C-Smash VRS (Sniper)
Format: PSVR2
Genre: Sports
Developer: Wolf & Wood Interactive Ltd
Publisher: RapidEyeMovers Ltd

Veritably a one-to-one aesthetic copy of its inspiration, "Cosmic Smash" on the Dreamcast, the game takes place in narrow, solid-colored-- usually white-- rooms. First-person, orange paddle in hand, blue blocks ahead, look down to see the strange almost mannequin-like player body... little astronauts can be seen through the windows, occasionally a Dreamcast controller-shaped spaceship zooms past. Everything from the ball physics to the menu system perfectly captures the abstract, "what the heck is going on here" vibe of the original title. It's not the most advanced looking VR game by any stretch, but it's clean and legible.

The original game's space age music is imitated here, advertised as being composed by "Danalogue" and Ken Ishii, the latter of whom previously contributed to "Rez Infinite". It's definitely "out there", a mix of techno beats and progressive synth keyboard stuff, with some light drums mixed in for good measure. The monotone announcer fellow from the original game is present, and he sounds so similar it may actually be the same guy! He emotionlessly chimes in with "have a blast" or "well done", creating hilarious discordance.

The base game involves plotting a route across various planets in a solar system, then playing those stages in order before moving on to the next-of-five-total such planetary setups. The racket can be "held" in either hand, and the way the ball reacts to the player's swings feels very authentic to real-life sports such as Pickleball. There is a "Breakout" aspect to proceedings, with various powerups the player can temporarily acquire. One can also play "versus" against an AI-controlled enemy paddle, which flashes contextual emoticons as play proceeds. An infinite "Tetris"-like mode rounds things off.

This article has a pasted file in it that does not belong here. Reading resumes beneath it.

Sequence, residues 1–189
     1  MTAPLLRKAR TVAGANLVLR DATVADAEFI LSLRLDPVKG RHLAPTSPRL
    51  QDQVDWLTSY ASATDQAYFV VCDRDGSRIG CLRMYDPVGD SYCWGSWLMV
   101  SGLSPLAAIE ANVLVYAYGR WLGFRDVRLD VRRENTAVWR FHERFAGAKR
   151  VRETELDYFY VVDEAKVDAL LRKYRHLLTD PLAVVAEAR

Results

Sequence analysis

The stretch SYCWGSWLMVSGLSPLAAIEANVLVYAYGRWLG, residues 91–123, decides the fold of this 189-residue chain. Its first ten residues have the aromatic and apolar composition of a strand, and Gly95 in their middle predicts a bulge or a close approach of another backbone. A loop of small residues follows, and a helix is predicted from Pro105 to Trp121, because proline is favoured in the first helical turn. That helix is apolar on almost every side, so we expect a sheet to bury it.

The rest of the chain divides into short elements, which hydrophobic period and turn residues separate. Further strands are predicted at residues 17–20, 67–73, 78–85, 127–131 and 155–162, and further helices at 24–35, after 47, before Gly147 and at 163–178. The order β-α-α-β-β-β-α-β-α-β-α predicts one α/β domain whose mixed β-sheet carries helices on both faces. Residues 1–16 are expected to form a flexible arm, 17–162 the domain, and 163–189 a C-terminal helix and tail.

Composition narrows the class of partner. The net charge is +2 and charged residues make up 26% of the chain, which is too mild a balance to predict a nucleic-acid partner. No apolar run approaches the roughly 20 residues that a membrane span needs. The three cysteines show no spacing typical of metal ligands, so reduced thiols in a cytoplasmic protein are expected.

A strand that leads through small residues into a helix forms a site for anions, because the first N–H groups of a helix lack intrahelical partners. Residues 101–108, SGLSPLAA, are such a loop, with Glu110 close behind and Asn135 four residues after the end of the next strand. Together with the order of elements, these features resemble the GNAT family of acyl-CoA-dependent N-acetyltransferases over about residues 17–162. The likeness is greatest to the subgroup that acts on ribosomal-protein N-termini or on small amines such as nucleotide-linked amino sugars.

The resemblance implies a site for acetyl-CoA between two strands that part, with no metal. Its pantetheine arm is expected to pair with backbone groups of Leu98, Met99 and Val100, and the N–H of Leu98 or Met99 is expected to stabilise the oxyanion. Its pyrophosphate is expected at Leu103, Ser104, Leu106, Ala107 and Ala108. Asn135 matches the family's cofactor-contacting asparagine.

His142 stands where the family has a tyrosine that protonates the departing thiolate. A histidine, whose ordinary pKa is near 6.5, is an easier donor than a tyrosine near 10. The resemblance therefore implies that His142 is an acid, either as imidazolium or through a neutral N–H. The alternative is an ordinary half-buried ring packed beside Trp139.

Although it's a little on the basic side, having a racketball-style game on PSVR2 is pretty neat, and C-Smash VRS has an appealing aesthetic plus a plethora of game modes. One must be very careful however, as this reviewer essentially destroyed a ceiling fan light fixture while playing this title-- make sure to have even more room than one would think necessary; this aspect of the title may limit the enjoyment for anyone with a smaller-sized room. Still, the game can provide at least a little exercise, especially for those particularly out-of-shape.

Sniper's verdict: